An organist fills the silence for Metropolis


There is a legendary instrument in North Carolina that is as scarce as the purpose it was created for: the theater organ.

Carolina Theatre, whose doors opened in October 1927, owns a Robert Morton Pipe Organ built in the same year. While many visitors have patronized the theater, few had experienced the sounds that emanate from the organ. Until the return of the silent film Metropolis.

Mark Anderson projected a pleasant demeanor. From the moment he turned away from the organ that sits atop the theater’s stage to make his way down the stairs, the smile never retreated from his face. Despite the film starting in a matter of minutes, he was eager to discuss the movie many have come to see. Some will even sit through it twice.

Anderson has been invited to play the International Artist Version score, a score he wrote, for the movie Metropolis on the theater’s organ for the evening.

“The original score no longer exists,” Anderson said with sadness in his eyes.
Anderson’s score is the one now played all over the world.

Anderson has taught at the Juilliard School, performed at Carnegie Hall, appeared on an hour-long PBS special, played the organ for the Boston Symphony and worked as head staff music arranger for NBC in New York.

When Metropolis began to play on the theater screen on Aug. 18, the attention of the audience focused to the left of the stage where Anderson sat comfortably behind a beast of a machine that looked to have more components that some sci-fi retro starship.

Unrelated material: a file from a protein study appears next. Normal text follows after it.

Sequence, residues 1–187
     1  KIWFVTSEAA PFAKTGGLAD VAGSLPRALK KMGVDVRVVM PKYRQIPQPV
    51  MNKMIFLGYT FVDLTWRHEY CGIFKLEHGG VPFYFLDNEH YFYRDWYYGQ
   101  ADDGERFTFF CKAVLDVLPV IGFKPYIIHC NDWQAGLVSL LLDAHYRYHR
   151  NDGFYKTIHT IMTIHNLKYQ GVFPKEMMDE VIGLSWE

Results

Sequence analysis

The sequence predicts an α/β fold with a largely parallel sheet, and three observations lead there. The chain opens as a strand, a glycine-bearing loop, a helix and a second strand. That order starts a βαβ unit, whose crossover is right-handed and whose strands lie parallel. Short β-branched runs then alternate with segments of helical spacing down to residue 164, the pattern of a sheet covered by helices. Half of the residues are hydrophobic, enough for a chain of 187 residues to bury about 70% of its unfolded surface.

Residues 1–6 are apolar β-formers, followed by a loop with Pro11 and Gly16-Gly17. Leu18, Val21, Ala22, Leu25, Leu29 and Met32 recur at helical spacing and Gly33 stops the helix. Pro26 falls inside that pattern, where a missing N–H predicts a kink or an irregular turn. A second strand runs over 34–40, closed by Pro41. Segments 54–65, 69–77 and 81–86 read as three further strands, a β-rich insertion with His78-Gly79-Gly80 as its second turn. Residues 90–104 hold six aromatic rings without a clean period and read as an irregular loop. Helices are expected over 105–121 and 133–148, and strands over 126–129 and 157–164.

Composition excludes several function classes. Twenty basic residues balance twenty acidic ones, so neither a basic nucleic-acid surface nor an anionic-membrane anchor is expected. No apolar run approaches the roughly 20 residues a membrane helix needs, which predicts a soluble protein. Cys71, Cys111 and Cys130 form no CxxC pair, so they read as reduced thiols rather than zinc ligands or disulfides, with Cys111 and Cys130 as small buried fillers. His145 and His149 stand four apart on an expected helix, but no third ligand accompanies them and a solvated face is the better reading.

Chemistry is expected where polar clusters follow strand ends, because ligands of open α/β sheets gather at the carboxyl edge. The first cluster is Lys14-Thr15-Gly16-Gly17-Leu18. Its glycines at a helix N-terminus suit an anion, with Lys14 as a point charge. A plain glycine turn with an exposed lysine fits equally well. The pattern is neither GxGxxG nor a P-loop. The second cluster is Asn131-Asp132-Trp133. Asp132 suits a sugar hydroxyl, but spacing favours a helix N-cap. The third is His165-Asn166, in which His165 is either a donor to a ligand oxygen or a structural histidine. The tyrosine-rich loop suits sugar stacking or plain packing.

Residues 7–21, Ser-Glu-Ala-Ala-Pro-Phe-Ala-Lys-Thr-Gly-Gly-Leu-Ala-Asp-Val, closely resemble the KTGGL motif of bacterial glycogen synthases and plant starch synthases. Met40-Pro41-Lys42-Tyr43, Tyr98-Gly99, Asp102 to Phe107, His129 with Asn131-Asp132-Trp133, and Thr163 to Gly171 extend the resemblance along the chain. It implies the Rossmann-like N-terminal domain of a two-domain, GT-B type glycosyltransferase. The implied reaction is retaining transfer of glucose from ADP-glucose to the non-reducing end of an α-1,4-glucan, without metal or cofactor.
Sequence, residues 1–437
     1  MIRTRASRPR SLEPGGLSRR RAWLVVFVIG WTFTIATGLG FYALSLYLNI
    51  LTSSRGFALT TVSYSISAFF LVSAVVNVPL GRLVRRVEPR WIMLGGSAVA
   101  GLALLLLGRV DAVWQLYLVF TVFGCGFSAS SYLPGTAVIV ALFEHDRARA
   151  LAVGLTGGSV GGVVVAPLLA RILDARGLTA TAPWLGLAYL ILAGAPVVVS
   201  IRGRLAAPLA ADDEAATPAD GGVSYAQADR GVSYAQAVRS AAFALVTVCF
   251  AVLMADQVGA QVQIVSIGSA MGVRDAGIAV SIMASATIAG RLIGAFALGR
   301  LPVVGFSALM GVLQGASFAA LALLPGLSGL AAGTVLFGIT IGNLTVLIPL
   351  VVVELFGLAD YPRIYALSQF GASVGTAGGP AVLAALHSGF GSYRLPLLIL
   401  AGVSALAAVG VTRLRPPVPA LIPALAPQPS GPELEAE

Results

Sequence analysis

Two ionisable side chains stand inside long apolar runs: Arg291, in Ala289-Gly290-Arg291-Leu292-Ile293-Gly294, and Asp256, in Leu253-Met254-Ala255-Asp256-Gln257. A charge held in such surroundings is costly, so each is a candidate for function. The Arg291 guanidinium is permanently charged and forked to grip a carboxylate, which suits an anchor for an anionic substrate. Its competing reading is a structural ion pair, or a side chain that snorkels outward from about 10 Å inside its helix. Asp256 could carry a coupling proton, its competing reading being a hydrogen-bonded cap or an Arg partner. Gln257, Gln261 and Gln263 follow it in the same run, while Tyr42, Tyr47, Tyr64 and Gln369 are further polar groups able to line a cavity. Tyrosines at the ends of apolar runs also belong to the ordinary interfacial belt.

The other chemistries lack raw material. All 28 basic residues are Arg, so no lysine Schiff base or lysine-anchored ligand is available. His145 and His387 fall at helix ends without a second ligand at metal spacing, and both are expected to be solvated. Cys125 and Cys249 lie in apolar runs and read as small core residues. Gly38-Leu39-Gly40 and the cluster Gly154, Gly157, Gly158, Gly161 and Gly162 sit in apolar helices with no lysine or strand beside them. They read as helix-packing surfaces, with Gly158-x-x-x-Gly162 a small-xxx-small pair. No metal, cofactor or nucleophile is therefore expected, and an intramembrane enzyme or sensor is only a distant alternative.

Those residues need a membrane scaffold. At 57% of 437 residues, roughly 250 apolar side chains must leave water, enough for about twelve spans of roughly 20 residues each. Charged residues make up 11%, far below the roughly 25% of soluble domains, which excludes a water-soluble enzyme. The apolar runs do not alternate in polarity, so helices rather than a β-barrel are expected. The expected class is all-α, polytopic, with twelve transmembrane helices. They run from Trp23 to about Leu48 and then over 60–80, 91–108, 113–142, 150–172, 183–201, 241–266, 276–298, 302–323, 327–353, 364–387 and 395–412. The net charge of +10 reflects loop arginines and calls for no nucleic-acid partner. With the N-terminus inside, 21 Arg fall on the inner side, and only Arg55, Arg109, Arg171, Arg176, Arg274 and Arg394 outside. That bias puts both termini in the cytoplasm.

With each press of a finger Anderson created the sounds of a foghorn, a ticking clock, a footstep, even a romp in the garden of sin. As the film progressed, the audience’s attention gradually shifted from Anderson to the screen, as his organ playing created the illusion of dialogue, albeit without the clutter of language.

It’s clear that Anderson’s organ accompaniment is a form of storytelling in its own right.
Metropolis is a notable film as one of the earliest examples of science fiction being used in cinema. The film was originally released at 150 minutes at its premiere in that same magical year of 1927. According to film aficionados, Metropolis was edited to one hour by Paramount for its US release after being released in German in its entirety. The Aug. 18 presentation at the Carolina would include both versions.

“A lot of this footage was never intended to be in the movie because it is 2.5 hours of silent film,” Anderson said. “The reason why we have the two versions now is basically for people who are studying film. The two versions together show you what was cut out of the movie, you know, on the cutting room floor for editing.”

Some fan sites contend that director Fritz Lang intended for the movie to be the full 2.5 hours.

Regardless of what either school of thought believes the director intended, the recovery of the missing movie reels from a museum in Argentina in 2008 provides a revelation.
The coupling of Anderson and Metropolis was like one of those fancy food pairings in a discrete location that costs an obscene amount of money.

At the end of Metropolis, the audience gave the customary applause. But when Anderson turned to greet the audience he had ushered through a wondrous work of cinema art, the crowd rose to their feet. Anderson took it in with grace, displaying the same smile he showed as he casually discussed film.

His job was done.

This slideshow requires JavaScript.